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UNFPA-SRH Technical Specialist-P4-Damascus, Syria

Damascus, Syria
SRH Technical Advisor -Surge Capacity
(TOR’s adapted during COVID-19)

Title:  SRH Technical Specialist Level: P4
Requesting Agency UNFPA Country:   Syria
Principal duty station and
% of time of any travel to other duty stations

Security phase in country / duty station/s person will be required to work in  Substantial
What type of working arrangement is available now?
In-country international deployment: Yes 
In-country telecommuting: Partially
Remote-based support from outside country acceptable: NO  
Some movement on the ground is permissible: Yes 
Requested date of deployment  ASAP Requested length of deployment (in months) 6 months
How will the assignment be funded?
First request or extension?
What type of emergency is the person to support? (Please select or highlight)
  1. COVID-19 response efforts
  2. Rapid onset emergency
  3. Protracted humanitarian emergency
  • Combination. Specify:  Protracted humanitarian emergency exacerbated by COVID-19 pandemic for which response efforts are in place

Mission Specific Considerations during COVID-19

Remote-Based Deployments (if remote-based please only fill in this table)
Considerations for remote-based deployments
If the deployment is remote-based, is the country office set up to ensure ongoing communication / team integration and appropriate supervision with the deployee from afar? Please explain.  

Physical deployments (only fill out if you anticipate surge to physically deploy)
Pre-departure considerations for physical deployments
Does this duty station require candidates to have undertaken SSAFE training? If so, can the office provide training upon arrival? Yes, the candidate is required to undertake SSAFE training. The SSAFE training module specific to Syria context will be provided upon arrival. 

Are there any special/new, specific visa considerations that need to be considered?
Nationalities restrictions apply (to be consulted with Rep. or Deputy Rep.)
What type of quarantining rules does the local government mandate at this stage upon arrival?
Be sure to include how long for, and possible locations the person will/should be quarantined. i.e. government mandated facilities or pre-approved hotels, et.c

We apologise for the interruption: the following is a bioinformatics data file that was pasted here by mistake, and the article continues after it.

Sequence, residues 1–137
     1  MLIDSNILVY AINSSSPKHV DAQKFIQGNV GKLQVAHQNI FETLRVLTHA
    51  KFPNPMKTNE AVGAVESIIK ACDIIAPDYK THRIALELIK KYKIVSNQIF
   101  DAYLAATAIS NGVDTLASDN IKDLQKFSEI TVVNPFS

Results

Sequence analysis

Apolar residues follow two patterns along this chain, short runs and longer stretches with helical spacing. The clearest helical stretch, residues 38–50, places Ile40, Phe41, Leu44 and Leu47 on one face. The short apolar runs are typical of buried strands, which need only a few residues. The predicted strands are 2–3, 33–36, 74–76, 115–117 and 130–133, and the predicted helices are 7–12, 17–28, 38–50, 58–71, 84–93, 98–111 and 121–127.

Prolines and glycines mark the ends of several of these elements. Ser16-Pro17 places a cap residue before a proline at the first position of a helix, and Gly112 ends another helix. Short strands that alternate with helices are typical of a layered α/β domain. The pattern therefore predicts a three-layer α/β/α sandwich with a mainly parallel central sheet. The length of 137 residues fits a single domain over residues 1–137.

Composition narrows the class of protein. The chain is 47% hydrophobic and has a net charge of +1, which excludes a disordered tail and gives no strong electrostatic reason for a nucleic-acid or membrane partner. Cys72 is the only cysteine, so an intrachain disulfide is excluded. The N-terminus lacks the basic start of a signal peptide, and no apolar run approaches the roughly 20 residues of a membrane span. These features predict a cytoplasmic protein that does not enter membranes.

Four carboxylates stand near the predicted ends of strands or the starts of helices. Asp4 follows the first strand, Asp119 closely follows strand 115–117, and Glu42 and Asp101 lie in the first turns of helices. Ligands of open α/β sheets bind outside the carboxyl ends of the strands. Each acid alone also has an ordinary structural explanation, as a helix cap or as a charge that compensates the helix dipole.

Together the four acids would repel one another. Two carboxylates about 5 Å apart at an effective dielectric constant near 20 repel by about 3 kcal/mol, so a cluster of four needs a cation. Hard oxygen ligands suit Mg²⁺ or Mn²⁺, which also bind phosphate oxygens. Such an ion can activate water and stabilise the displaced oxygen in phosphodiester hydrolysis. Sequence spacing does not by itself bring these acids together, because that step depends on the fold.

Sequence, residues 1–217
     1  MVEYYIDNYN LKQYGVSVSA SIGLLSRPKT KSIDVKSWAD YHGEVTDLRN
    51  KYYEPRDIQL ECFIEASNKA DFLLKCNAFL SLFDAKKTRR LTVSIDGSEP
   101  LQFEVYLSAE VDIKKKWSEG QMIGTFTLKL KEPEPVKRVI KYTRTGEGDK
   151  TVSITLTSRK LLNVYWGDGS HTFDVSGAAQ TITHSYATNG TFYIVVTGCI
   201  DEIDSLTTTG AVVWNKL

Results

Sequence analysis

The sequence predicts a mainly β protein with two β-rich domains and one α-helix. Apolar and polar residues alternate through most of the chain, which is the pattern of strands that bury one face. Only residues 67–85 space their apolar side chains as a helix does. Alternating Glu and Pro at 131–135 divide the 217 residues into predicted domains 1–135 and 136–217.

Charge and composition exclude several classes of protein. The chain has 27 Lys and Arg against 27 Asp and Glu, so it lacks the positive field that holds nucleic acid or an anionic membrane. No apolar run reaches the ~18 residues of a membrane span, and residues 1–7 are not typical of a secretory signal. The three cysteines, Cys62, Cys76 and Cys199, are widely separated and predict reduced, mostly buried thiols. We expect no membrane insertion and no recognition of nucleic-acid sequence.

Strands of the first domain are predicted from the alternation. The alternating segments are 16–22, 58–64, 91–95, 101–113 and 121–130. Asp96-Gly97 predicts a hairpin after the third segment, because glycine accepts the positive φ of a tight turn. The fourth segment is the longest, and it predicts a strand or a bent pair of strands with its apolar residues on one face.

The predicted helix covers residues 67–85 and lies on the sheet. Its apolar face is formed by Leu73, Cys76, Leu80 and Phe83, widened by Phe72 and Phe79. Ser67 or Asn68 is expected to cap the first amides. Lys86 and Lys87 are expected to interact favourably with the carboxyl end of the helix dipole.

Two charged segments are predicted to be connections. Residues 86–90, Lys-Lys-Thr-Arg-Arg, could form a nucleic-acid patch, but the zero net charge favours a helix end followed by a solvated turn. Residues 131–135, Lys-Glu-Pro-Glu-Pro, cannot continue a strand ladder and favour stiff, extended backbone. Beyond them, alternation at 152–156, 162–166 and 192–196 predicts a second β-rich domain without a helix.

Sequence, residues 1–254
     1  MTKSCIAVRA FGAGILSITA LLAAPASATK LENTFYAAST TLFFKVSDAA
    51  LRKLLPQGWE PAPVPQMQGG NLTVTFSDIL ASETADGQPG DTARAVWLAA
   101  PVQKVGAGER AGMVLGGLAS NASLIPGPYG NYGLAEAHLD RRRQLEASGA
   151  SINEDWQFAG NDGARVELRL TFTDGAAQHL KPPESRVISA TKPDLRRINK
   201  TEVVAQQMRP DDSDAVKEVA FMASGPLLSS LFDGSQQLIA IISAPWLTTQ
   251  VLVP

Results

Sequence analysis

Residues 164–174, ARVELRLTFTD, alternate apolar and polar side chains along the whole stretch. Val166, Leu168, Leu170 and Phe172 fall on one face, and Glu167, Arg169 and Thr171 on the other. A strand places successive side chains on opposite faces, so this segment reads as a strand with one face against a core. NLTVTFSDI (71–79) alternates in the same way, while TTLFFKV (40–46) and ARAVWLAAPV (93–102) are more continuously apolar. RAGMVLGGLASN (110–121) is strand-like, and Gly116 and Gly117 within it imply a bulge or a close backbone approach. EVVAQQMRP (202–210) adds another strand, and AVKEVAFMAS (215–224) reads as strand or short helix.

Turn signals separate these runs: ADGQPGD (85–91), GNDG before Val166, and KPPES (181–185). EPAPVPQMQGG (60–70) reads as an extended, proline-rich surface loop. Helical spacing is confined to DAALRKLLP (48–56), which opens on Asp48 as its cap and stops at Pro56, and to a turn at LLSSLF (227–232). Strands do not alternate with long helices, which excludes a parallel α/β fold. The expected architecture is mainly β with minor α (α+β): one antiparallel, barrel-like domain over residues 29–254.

Yes, upon arrival with COVID-19 negative test result with 12 hour validity, the surge deployee will be transported by the UN car to the Four Seasons Hotel (residence of All UN staff in Damascus) for 72 hours self-quarantine. Exceptions to the quarantine apply: the exceptions may change and are to be communicated by the Country Office prior to the start of the travel.
C-19 testing and clearance
Does the Surge need to undertake any COVID-19 testing prior to arrival or upon arrival? Are there any other medical clearances or vaccines deployees need to undertake before travel to this country?
Yes, the candidate needs to undertake one PCR prior to arriving in Beirut airport (max 72 hours). Based on negative testing, the surge deploy will be able to cross the border and enter into Syria with a valid negative PCR test (max 96 hours prior to arrival). 
Is there any equipment that the Surge should become equipped with prior to travel, e.g. PPE such as masks, gloves, sanitizer, etc?
Yes, PPE: masks, gloves, sanitizer and the country office will be proving upon arrival and during the deployment.
Is there any other paperwork that the local government authorities require upon entry/re-entry into the country? No
On mission considerations (for physical deployments):
What type of accommodation is available for Surge deployees?
Four Seasons Hotel in Damascus. This is the only possible accommodation for All UN staff in Damascus. 
Is the duty station on an R&R cycle and if so how often? Please provide any details that have changed because of COVID-19
Yes, regular R&R cycle each 28 Days. The global guidelines developed for the pandemic for R&R duty stations applies.
Medical Treatment
Are there any government restrictions or limitations that would adversely impact in-country medical treatment plans or medical evacuation?
What is the capacity of local facilities that can be used to treat and/or stabilize those affected by COVID-19? UN in Syria has special arrangements with two hospitals in Damascus for priority access of affected UN personnel for treatment. Health facilities in Lebanon can be used as back-up facilities in case medevac from Syria will be needed.